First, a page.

Glenfinnan Viaduct’s best view, in my opinion, is from the hillside on the left of the bridge as you face it from the carpark. The walk to this viewpoint takes a mere ten minutes at most.

Starting at the visitor centre, you should exit the car park, turn right and walk along the side of the road until you get to the second carpark.

From here, follow the path all the way to the bridge. You will pass underneath the bridge and go through a gate to your left which will take you up to the hillside. 

Since this is arguably the best view you’ll get of the viaduct and the passing train, it gets pretty busy. 

Another cracking viewpoint is from the hill by the visitor centre. Personally, I wouldn’t head here to get a shot of the steam train because you won’t get a face-on view.

Nonetheless, it is still a stunning vantage point to see the entire bridge stretching across the stream below. To get here, follow the path which leads on from the back of the visitor centre.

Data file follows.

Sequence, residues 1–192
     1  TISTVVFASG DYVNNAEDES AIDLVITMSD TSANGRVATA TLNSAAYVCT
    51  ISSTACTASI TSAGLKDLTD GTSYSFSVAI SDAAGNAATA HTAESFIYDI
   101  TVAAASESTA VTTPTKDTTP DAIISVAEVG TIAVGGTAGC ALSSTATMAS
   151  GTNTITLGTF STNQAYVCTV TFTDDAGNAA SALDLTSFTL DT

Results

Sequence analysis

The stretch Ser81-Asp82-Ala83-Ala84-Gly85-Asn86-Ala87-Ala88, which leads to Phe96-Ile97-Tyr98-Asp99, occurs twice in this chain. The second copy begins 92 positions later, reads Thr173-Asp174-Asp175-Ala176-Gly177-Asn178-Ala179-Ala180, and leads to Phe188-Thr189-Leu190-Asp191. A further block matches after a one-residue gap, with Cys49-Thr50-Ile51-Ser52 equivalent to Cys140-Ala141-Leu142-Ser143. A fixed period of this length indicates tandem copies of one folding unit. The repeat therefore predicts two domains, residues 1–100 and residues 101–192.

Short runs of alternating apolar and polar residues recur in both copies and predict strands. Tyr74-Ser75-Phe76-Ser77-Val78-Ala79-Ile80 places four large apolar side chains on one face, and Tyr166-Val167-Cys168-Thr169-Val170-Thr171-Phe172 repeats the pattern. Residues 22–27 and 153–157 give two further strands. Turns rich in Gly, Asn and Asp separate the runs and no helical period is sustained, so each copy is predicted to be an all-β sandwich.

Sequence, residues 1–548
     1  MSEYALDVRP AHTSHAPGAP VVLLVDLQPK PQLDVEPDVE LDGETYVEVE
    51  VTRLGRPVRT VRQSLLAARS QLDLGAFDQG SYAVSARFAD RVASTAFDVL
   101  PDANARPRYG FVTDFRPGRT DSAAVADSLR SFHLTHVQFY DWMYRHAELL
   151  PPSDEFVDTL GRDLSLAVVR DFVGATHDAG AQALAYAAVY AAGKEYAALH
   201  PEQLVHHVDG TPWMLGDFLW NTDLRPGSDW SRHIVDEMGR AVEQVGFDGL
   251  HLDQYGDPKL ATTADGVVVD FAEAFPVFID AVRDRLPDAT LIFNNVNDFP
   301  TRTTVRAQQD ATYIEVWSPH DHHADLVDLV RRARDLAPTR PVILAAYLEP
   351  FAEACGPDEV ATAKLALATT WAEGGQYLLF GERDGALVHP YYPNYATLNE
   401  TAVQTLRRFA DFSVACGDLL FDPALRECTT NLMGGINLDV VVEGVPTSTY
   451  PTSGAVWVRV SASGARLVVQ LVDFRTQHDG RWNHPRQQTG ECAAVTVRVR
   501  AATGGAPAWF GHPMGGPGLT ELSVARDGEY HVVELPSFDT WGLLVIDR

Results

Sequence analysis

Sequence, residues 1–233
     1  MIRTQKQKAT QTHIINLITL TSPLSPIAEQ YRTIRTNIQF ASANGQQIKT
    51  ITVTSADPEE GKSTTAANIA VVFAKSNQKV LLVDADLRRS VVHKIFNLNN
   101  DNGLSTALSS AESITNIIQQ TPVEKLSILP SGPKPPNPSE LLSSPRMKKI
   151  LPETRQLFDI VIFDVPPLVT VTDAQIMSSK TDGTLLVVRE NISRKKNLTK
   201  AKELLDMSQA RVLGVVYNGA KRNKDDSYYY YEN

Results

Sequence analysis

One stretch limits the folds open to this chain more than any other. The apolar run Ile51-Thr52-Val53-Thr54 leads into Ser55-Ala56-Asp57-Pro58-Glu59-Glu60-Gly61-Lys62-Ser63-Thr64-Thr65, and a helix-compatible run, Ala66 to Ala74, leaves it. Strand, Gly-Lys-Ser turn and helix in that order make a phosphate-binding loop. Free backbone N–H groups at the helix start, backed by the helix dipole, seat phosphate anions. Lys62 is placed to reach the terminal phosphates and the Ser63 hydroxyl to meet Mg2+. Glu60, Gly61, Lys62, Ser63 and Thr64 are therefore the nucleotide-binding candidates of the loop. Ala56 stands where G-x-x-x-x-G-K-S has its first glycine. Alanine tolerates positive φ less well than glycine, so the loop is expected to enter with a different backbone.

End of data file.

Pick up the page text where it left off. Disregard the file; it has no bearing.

This route will take 5 minutes at the very most and there is a slight gradient.

Tips for Photographing the Steam Train

Including positioning, framing and camera settings

The viaduct with the steam plummeting out of the train is one of the most sought-after shots from a Scottish getaway.

There’s no denying how photogenic this place is so, no matter your skill level, you’re bound to come away with a shot to be happy with. 

If you are planning on shooting the steam train, your main challenge will be avoiding the crowd of people.

Of course, Photoshop can help you somewhat but it’s easier to not have people interfering with your shot in the first place.

You should aim to set yourself up on the hill a little bit higher than other people. 

By doing so, you will still get a nice face-on view of the railway bridge and train as well as having a decent enough angle to make sure people are outside your shot.

The last time I visited, I did just this and managed to cut out most people.